Guidance: Victims of Overseas Terrorism Compensation Scheme: a guide

Criminal Injuries Compensation Authority

February 14
10:05 2022

How to use this guide

This is a digital guide for people who have applied, or are thinking of applying, for compensation under the Victims of Overseas Terrorism Compensation Scheme 2012 (we call this the Scheme). The Scheme applies to all applications received on or after 27 November 2012. This guide should be read in conjunction with the Scheme, which remains the authoritative document. You can get a copy of the Scheme at the link above or from our website.

This guide is to help you understand the Scheme. This guide is divided into helpful topics such as the eligibility rules, how to make an application, your responsibilities and how we will handle your claim. This guide will also link to the relevant sections of the Scheme or other organisations websites where appropriate.

Simply click on a topic from the contents list and this will automatically take you to that area of the guide. If you are looking for a particular keyword, press control and f and then enter the keyword in the search area.


What is the Victims of Overseas Terrorism Scheme?

The Victims of Overseas Terrorism Compensation Scheme is a government funded scheme designed to compensate victims who sustain a relevant injury which is directly attributable to their being a direct victim of a designated act of terrorism overseas. We, the Criminal Injuries Compensation Authority (CICA), administer the Scheme and decide all claims.

The rules of the Scheme and the value of the payments awarded are set by Parliament and are calculated by reference to a tariff of injuries. Although the size of the award varies to reflect the seriousness of the injury, we know that it will never fully compensate you for what you have suffered or lost - it is just societys way of recognising that you have been a victim of terrorism.

Getting help with your application

Free independent advice

You do not need a paid representative such as a solicitor or claims management company to apply for compensation. Free independent advice may be available from local support or other charitable organisations. You can check what is available in your local area by visiting Victim and Witness Information website. If you belong to a trade union, they may be able to help.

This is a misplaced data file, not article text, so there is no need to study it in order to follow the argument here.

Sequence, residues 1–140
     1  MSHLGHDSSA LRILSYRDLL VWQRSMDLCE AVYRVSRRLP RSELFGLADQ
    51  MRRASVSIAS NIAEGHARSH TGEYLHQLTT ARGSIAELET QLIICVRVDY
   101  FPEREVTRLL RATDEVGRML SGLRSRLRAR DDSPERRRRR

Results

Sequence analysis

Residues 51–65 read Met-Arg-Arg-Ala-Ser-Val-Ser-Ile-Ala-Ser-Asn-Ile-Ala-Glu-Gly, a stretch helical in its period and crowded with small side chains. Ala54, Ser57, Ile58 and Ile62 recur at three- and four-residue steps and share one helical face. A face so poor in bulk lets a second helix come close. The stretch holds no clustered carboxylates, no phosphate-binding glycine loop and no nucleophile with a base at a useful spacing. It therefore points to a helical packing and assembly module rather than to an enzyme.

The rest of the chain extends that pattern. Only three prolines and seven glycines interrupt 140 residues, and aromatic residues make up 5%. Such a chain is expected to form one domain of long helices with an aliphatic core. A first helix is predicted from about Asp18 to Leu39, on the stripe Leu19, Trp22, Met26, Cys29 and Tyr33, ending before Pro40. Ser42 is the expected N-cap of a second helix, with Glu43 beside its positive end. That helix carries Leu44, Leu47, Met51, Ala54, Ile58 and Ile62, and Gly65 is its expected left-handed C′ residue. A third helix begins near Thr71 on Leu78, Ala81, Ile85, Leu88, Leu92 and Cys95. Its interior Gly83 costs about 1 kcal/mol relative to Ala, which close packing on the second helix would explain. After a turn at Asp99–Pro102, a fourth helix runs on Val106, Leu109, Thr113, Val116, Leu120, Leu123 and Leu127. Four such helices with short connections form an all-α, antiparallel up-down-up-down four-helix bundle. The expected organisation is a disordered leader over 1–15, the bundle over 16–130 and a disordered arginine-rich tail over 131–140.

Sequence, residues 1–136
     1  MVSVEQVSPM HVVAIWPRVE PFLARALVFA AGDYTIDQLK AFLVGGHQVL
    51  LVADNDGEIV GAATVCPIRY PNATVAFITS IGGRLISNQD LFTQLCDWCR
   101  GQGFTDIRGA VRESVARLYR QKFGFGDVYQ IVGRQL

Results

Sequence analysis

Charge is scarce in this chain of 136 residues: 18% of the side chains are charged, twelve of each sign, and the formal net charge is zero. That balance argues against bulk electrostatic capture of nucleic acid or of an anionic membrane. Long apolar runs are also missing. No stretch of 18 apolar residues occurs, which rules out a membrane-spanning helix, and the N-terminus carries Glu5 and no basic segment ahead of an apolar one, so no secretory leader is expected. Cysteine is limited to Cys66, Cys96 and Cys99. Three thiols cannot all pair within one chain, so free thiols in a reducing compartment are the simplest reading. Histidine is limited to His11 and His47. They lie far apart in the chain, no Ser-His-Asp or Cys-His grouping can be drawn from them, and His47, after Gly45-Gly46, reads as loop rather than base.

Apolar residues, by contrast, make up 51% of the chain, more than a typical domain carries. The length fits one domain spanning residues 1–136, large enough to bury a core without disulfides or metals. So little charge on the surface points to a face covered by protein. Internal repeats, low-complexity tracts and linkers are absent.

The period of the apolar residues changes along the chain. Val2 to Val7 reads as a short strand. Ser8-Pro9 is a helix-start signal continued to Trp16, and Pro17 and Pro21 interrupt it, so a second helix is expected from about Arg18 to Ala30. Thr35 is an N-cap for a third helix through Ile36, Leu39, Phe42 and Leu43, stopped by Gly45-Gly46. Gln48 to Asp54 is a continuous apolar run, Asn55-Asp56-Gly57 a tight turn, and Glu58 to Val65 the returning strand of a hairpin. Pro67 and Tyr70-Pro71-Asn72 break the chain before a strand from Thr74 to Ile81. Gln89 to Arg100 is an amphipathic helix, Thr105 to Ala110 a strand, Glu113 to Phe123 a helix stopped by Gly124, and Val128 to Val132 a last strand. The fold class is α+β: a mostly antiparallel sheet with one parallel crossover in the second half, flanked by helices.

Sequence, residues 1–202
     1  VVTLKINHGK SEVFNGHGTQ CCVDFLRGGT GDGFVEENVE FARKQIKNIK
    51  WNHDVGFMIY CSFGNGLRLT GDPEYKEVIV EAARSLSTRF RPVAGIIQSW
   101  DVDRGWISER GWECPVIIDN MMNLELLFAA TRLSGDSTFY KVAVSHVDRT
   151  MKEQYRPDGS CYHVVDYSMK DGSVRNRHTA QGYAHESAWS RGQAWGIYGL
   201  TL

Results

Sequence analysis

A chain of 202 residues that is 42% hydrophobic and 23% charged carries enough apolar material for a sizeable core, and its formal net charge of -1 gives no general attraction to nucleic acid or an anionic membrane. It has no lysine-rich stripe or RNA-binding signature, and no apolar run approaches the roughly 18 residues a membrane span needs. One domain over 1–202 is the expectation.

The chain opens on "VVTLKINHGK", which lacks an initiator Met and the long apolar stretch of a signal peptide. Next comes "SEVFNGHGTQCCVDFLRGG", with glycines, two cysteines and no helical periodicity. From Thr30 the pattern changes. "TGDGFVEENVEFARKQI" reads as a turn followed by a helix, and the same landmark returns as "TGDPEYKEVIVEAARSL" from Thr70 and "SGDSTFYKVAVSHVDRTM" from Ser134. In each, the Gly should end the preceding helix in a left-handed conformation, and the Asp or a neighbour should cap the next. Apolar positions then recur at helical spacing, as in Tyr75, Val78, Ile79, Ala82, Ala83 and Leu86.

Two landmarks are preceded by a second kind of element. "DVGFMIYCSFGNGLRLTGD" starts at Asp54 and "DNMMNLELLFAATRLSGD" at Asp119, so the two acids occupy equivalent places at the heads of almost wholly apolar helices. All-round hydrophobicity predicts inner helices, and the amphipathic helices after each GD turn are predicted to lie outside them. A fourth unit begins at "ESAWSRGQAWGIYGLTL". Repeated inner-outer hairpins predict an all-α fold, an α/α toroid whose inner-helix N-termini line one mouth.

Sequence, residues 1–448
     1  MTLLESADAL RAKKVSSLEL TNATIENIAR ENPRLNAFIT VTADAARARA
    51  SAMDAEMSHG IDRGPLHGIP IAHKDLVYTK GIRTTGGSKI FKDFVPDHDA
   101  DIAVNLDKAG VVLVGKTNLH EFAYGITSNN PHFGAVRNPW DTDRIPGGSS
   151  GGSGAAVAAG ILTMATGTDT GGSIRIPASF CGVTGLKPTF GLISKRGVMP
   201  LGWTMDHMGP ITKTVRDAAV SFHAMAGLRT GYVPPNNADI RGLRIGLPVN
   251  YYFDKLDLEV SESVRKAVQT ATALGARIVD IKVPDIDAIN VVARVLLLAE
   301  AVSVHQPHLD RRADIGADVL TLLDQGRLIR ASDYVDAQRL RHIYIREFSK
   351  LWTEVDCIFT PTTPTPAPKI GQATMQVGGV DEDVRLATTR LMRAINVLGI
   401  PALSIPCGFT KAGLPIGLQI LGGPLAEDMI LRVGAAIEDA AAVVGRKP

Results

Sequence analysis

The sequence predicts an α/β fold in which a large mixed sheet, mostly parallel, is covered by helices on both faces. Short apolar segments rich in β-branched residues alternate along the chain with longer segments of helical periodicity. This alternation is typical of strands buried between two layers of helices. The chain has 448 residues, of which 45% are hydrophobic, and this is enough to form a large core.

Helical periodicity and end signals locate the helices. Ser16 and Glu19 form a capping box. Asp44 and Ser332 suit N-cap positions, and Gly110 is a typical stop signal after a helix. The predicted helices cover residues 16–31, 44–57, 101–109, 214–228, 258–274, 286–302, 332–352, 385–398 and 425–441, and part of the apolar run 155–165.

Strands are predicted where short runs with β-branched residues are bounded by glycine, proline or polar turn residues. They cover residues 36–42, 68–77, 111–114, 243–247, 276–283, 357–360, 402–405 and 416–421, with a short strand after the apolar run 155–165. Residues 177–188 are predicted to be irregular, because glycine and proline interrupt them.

If you choose paid representation we cannot meet the cost of this, and you will have to pay these costs yourself. Where someone is representing you on a no-win no-fee basis this usually means that they will keep a share of your payment to cover their fees. You may wish to check how much of your payment will go to your representative before you agree to paid representation.

If you have appointed a representative then decide that you no longer wish to be represented by them or you wish to change your representative, you must inform us. We will continue to process your claim, but we must establish whether you have settled any outstanding fees owed to your former representative. If not, the amount of fees under dispute will be held back if any award of compensation is made. This amount will be released when you and your former representative confirm, in writing, that the matter has been resolved.

Other help

You can ask a friend or a relative to represent you and help you make a claim. However, we will need confirmation from you that you are happy for them to deal with the case.

What payments are available from the Scheme?

We can consider claims for the following:

  • mental or physical injury following a designated act;
  • sexual or physical abuse;
  • loss of earnings - where you have no or limited capacity to work, lasting more than 28 weeks, as the direct result of a designated act;
  • special expenses payments - these cover certain costs you may have incurred as a direct result of a designated act. You can only ask us to consider special expenses if your injuries mean you have been unable to work or have been incapacitated to a similar extent for more than 28 weeks;